I also wish he would stop calling the Chinese government 'communist' when they have obviously abandoned Marxism and replaced it with a form of nationalist authoritarianism. Despite its extensive labor camps, China is also not a 'slave state', as Lee claims, any more than Taiwan was in the 1960s and 1970s when Taiwan developed without paying much attention to labor conditions. Lee is trying to say that China is a new Soviet Union just as baby boomers in the US keep insisting that Iraq is another Vietnam.

While his comparison to the Soviet Union is misguided, Lee is absolutely correct in his central theme which he states forcefully: China is a major threat to freedom. He also makes some excellent points about why people don't see this. Lee argues that the West applies a double standard to China when it is assumed that China is not 'ready' for democracy or human rights. He also right about the way China presents two faces to the world rather than the simple face of intimidation that the Soviet Union showed.

I think perhaps he might have also added the war against terrorism to this list. People in the US don't see China as a problem because they are so worried about terrorism. It's hard to worry about two problems at once, but because China is a state commited to modernity (unlike the Islamic mullahs who are resisting modernity), we tend to overlook its threat to freedom.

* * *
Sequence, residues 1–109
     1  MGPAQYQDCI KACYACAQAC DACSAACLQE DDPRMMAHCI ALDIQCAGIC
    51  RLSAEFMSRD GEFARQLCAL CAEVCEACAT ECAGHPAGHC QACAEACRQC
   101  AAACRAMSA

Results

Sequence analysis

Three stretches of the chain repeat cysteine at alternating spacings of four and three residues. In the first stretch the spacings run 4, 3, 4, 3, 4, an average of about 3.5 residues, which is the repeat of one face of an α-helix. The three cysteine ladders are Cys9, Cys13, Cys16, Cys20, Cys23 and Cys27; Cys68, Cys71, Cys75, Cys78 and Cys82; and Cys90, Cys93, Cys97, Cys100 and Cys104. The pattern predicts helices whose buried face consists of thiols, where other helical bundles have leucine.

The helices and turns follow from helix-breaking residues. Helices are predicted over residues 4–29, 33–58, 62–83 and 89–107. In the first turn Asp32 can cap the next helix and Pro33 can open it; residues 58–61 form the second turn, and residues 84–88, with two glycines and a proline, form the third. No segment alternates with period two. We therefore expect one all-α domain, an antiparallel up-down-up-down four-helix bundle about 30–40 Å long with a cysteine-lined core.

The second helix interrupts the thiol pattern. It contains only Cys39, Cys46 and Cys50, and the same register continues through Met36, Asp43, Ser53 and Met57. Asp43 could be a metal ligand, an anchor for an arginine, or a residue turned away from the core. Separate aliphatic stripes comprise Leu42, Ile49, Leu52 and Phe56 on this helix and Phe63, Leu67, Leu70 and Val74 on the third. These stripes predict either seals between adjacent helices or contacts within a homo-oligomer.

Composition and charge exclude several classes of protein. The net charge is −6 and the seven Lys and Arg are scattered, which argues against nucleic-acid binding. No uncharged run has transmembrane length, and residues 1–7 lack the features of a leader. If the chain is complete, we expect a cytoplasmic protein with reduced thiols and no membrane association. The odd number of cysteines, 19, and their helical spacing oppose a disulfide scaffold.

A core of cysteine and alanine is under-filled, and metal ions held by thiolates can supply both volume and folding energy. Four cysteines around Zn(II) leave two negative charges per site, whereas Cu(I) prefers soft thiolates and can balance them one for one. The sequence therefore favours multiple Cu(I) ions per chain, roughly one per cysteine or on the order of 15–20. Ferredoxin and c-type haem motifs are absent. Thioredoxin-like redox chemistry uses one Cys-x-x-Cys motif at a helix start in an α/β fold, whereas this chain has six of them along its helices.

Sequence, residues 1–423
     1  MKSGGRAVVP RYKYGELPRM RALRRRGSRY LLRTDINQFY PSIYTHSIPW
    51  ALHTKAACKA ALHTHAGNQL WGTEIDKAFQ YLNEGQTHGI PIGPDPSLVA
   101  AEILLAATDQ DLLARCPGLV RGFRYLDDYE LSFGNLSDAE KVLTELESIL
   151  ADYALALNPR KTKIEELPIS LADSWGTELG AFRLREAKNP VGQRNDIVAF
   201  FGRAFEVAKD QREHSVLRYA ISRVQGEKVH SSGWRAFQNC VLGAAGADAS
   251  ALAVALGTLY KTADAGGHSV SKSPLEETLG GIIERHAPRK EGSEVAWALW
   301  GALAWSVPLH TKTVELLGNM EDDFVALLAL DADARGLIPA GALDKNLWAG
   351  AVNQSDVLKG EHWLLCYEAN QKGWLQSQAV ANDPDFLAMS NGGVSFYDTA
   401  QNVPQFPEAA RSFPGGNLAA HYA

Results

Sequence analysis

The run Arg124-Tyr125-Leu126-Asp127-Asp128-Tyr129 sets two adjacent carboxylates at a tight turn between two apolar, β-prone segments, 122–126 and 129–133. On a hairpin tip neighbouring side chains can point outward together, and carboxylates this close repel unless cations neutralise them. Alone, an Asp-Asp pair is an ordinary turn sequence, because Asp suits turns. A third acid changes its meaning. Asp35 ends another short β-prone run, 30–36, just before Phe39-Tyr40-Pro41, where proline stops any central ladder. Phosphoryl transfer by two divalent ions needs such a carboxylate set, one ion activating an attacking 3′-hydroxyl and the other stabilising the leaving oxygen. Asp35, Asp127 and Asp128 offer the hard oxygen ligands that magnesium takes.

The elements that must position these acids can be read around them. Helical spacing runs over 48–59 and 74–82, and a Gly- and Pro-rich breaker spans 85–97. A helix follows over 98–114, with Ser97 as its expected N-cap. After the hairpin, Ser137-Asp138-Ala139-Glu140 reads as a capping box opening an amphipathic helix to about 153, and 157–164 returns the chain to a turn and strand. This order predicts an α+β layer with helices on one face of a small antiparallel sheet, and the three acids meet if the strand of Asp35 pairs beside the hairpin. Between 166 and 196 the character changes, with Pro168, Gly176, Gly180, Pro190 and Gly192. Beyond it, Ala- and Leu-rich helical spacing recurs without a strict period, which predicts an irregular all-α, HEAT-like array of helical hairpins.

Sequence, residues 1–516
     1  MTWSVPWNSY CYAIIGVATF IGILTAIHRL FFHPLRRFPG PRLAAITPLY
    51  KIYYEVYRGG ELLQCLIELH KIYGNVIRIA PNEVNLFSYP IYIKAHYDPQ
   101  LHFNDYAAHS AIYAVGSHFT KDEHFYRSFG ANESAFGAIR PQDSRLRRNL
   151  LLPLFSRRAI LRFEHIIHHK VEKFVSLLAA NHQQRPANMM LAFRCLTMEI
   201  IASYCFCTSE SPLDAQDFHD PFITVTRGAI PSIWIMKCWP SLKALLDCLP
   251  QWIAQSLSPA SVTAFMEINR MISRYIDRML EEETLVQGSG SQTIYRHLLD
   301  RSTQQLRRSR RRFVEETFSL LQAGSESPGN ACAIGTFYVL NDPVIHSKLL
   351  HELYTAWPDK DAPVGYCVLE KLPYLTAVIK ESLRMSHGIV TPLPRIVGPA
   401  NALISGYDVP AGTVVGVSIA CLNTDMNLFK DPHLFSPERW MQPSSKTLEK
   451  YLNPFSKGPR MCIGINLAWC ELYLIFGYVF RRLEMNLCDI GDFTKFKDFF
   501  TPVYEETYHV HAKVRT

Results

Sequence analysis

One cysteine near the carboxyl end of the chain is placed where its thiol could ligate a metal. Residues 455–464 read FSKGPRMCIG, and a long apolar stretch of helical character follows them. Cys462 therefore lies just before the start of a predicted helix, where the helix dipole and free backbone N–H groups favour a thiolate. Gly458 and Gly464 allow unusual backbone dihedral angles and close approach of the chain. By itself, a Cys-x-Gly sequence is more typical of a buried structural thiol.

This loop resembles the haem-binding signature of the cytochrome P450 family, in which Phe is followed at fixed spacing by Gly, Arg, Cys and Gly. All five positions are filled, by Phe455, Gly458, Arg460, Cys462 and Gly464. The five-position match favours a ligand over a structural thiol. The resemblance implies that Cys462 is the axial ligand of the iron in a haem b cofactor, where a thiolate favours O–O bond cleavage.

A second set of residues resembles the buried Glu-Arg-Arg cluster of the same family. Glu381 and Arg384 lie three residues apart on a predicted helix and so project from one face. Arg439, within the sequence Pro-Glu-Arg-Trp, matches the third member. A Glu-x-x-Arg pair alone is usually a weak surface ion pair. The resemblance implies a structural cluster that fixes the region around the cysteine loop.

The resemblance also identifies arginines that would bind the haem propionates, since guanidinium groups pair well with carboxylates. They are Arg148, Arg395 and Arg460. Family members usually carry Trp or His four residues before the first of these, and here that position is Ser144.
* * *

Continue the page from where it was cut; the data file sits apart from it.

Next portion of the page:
Wednesday, October 19, 2005

A Price to Pay for Rice Bombing

Chaos at the Taipei District Court today after Taiwan’s rice bomber was sentenced to 7.5 years in prison after planting several “rice bombs” to warn Taiwanese away from imported rice. Friends and relatives of Yang Ru-men gathered for a noisy protest, saying the sentence was too harsh. Yang’s lawyer said the convict was expecting five years and that he’ll appeal the sentence. I wonder whether there’s broad public sentiment here that a self-confessed bomber should get off relatively lightly. The bombs were not powerful – and most of them were found intact – but my sense is the person who planned and executed these acts should expect to be punished. Maybe I’m just getting intolerant in my middle age.

UPDATE (10/20): Here’s an article on the sentencing from the Taiwan News to augment the scant details I provided on the rice bomber.

UPDATE (10/26): Here's an opinion piece from the Taipei Times that discusses some of the issues surrounding popular support for the rice bomber.

Friday, October 14, 2005

Lily Livered KMT Chairman